Americas and Oceania Collections blog

03 August 2010

"His Excellence in the Art of Swimming"

The Londonist alerts us to the news that the journalist Matthew Parris came to an embarrassing, but thankfully not tragic, end to his attempt to swim the Thames at Rotherhithe (we quite like the tunnel there).  As the Londonist reports:

But the normally level-headed correspondent mixed up his tide tables and, slipping into the water before high-tide, ended up three-quarters of a mile upriver.

The Port Authority of London was apparently not impressed.

Nonetheless, we like his pluck, and call to mind an earlier visitor to London's fondness for watery expeditions.  When Benjamin Franklin found himself in London as a young man, he took to swimming (at least according to his rather puffed-up pages of his Autobiography) like a fish to water:

At Watts's printing-house I contracted an acquaintance with an ingenious young man, one Wygate, who, having wealthy relations, had been better educated than most printers; was a tolerable Latinist, spoke French, and lov'd reading. I taught him and a friend of his to swim at twice going into the river, and they soon became good swimmers. They introduc'd me to some gentlemen from the country, who went to Chelsea by water to see the College and Don Saltero's curiosities. In our return, at the request of the company, whose curiosity Wygate had excited, I stripped and leaped into the river, and swam from near Chelsea to Blackfryar's, performing on the way many feats of activity, both upon and under water, that surpris'd and pleas'd those to whom they were novelties.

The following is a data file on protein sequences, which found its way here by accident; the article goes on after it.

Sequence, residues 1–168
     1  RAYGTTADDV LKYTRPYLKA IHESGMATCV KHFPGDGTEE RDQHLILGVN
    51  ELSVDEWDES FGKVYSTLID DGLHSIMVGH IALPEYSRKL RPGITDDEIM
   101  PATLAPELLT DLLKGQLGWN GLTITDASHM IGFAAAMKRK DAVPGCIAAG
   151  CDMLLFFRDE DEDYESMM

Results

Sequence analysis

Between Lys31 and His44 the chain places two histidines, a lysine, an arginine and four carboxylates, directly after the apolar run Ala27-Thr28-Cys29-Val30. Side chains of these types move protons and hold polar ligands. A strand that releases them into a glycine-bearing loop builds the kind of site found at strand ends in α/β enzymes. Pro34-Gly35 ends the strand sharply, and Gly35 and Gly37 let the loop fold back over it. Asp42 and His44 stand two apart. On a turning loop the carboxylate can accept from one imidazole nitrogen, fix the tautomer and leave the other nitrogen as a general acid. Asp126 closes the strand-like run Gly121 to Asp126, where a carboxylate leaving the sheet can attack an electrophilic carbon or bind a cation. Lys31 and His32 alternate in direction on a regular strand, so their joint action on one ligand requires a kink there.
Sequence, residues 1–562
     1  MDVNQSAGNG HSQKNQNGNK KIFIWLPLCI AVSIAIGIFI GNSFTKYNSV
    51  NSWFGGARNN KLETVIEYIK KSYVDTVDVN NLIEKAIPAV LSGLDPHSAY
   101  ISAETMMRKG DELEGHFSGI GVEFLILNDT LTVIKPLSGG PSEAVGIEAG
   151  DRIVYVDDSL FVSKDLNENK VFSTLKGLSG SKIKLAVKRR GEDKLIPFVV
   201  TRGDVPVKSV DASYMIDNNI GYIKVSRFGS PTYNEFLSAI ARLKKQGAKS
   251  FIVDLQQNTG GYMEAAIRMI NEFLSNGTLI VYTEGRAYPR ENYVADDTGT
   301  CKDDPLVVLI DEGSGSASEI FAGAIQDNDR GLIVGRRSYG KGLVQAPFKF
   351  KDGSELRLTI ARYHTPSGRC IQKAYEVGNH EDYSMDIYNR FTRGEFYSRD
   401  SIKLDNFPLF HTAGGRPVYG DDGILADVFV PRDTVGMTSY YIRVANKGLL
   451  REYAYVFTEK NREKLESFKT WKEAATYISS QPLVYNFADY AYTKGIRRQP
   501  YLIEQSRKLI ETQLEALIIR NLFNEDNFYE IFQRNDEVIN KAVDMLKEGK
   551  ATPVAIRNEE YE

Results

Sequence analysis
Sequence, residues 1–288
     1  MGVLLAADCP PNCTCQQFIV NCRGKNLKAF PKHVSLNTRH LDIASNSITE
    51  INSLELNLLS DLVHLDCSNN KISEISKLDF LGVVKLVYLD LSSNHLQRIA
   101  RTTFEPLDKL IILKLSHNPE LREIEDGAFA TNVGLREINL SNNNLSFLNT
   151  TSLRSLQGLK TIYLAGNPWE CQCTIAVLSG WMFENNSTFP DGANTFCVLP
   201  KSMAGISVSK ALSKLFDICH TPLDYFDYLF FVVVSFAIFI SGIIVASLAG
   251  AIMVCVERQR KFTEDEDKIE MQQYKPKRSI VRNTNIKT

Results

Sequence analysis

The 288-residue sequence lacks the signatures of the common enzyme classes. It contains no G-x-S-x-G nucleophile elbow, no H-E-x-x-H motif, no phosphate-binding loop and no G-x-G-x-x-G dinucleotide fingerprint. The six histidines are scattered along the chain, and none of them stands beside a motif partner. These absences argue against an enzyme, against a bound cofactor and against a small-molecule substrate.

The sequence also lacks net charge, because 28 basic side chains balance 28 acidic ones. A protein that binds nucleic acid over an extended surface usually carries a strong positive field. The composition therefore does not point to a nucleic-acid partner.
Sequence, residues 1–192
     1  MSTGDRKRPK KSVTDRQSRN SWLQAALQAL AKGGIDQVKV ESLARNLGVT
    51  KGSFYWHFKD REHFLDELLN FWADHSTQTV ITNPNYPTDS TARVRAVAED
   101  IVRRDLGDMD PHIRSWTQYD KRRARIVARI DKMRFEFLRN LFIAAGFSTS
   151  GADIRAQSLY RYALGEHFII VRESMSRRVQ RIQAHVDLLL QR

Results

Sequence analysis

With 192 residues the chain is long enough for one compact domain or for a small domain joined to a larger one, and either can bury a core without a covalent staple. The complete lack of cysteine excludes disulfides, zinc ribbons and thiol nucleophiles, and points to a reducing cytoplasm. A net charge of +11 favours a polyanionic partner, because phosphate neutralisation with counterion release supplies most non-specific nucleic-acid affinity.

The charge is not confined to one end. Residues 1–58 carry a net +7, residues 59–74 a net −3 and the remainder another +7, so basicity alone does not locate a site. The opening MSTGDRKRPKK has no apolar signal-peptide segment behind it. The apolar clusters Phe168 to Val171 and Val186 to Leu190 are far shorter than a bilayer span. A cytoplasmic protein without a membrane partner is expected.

Before returning to Philadelphia, a gentleman apparently heard of Franklin's aquatic abilities and asked him to remain in London to teach his sons how to swim. Ben, however, had to return (no doubt to invent something), and the Franklin School of Swimming remained unopened, and alas, unable to assist future natatory journalists.


Postscript: the cause of Parris's trouble was a muddle between GMT and BST in the tide tables; as ever, Franklin was here first, and came to London with recommendations for a more sensible daylight saving plan (and continued to promote his plan in Paris in 1784).


What a coincidence, swimming features on the Sport and society blog this time round. I wonder if Franklin read De arte natandi?

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